Download PDF by Fazila Bhimji (auth.): British Asian Muslim Women, Multiple Spatialities and

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By Fazila Bhimji (auth.)

ISBN-10: 1137013877

ISBN-13: 9781137013873

ISBN-10: 1349436739

ISBN-13: 9781349436736

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For example, Amrit Wilson notes the case of a woman who upon arriving in Britain through marriage from North West Frontier Province (NWFP), Pakistan, discovered that her husband had several girlfriends. She eventually escaped from her husband’s house, took refuge in a hostel for South Asian women and appealed to the Home Office to be allowed to stay on in the UK, but was turned down, even though she explained that she faced potential danger in her village since her father-inlaw threatened to have her killed in Pakistan.

Scholarship on Islamic feminism in Western contexts has focused on visible symbols, such as the veil, and little attention has been given to the social processes that Muslim women engage with in order to better understand and practise Islam. For the women who formed part of this study, the veil was only one aspect of their religious identity. The women sought to actively engage with Islam and enact Muslim ways, as well as cosmopolitan identities, in these spaces. In examining religious spheres such as mosques and university faith centres, I demonstrate that these are not disembodied sites where only religious rituals are performed, but are created, discursive spaces and social networks that allow women to feel empowered within British society.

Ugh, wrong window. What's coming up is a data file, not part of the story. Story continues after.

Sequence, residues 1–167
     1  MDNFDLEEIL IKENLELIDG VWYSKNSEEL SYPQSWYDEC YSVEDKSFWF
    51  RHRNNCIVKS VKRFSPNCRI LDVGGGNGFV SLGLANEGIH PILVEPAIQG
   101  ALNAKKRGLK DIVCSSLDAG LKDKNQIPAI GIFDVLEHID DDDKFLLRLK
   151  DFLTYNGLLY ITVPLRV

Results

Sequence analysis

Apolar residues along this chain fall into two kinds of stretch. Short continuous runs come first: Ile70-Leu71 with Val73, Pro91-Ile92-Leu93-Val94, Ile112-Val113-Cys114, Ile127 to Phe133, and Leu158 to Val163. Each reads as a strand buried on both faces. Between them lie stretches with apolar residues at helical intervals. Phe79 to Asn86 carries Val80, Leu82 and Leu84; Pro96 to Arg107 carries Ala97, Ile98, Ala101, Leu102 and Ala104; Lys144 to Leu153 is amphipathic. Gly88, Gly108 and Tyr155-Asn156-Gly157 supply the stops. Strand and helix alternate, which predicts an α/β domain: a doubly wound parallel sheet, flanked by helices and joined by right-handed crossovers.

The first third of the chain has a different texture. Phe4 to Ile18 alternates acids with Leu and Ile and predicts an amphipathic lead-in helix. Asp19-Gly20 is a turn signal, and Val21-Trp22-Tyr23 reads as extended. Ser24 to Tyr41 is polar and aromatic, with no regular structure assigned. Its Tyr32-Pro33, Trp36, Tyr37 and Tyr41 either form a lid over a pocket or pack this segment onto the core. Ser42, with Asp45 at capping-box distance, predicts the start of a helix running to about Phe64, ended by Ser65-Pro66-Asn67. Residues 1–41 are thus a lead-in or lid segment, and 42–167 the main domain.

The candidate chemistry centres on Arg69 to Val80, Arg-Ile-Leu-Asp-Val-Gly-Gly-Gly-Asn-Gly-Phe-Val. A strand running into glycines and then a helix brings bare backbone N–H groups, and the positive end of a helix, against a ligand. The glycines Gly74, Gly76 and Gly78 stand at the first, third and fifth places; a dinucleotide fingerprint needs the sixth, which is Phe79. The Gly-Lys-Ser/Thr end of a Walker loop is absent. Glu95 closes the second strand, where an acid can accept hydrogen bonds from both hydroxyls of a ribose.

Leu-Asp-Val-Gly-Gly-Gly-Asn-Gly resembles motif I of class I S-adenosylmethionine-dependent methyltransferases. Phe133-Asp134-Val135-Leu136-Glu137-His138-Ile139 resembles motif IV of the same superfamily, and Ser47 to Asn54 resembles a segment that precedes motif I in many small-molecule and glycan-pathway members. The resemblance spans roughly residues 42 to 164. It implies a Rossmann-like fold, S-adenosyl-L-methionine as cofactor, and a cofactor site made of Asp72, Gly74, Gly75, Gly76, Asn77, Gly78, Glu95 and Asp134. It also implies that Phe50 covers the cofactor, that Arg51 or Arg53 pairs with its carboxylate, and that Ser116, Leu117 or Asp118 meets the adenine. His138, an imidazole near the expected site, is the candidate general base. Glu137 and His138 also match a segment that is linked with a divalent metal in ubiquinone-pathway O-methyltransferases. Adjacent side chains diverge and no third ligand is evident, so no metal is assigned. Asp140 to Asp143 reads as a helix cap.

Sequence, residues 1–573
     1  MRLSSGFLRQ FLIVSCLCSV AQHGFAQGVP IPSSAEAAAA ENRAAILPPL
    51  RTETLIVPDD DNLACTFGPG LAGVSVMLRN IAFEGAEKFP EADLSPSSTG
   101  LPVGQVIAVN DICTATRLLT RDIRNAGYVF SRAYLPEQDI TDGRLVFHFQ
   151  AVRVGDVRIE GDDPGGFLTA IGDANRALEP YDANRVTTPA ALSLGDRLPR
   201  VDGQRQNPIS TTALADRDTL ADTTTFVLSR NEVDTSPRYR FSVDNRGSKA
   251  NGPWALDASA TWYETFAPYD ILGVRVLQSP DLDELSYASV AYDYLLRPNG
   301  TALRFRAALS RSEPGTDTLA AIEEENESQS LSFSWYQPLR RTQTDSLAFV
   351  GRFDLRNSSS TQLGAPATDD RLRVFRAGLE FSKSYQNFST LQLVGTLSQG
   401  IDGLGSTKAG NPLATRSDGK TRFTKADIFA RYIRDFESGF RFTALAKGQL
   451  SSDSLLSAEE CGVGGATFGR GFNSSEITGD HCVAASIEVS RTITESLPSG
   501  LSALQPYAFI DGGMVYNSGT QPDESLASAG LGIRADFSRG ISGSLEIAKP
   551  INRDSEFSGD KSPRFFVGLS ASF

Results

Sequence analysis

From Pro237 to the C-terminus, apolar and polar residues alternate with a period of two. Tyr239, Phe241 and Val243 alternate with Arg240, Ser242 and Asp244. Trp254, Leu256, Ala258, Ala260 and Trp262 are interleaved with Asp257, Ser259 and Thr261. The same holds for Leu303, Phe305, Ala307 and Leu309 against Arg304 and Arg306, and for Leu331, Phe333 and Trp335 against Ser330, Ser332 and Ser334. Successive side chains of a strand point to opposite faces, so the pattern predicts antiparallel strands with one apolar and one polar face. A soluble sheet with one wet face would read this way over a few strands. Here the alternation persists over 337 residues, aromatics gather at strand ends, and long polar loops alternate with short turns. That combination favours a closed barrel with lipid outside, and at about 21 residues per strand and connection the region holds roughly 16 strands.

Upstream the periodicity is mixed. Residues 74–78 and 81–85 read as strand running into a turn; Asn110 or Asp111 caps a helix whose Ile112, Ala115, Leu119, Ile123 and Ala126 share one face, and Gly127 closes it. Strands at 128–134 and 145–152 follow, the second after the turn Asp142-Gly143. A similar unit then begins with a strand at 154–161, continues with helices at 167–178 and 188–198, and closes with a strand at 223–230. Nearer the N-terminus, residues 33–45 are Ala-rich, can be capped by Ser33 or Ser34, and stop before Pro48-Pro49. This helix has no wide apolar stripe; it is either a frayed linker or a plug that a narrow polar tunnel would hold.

Introduction 27 Migration from Bangladesh to the UK has also had direct connections with its colonial past. A website which includes reports and links from a transnational study carried out by scholars on the topic of the Bangladeshi diaspora includes the following historical glimpse into the post-war migration from Bangladesh to the UK: From the end of 1945 a number of former lascars settled in Britain, with others arriving after Partition in 1947. Although it is hard to find clear figures, because Bengalis were counted in with Indians and Pakistanis until after the Liberation of Bangladesh in 1971, it is estimated in the UK Census that there were around 2,000 Bengalis in Britain in 1951, rising to 6,000 by 1961 and 22,000 by 1971, just before Independence.

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British Asian Muslim Women, Multiple Spatialities and Cosmopolitanism by Fazila Bhimji (auth.)

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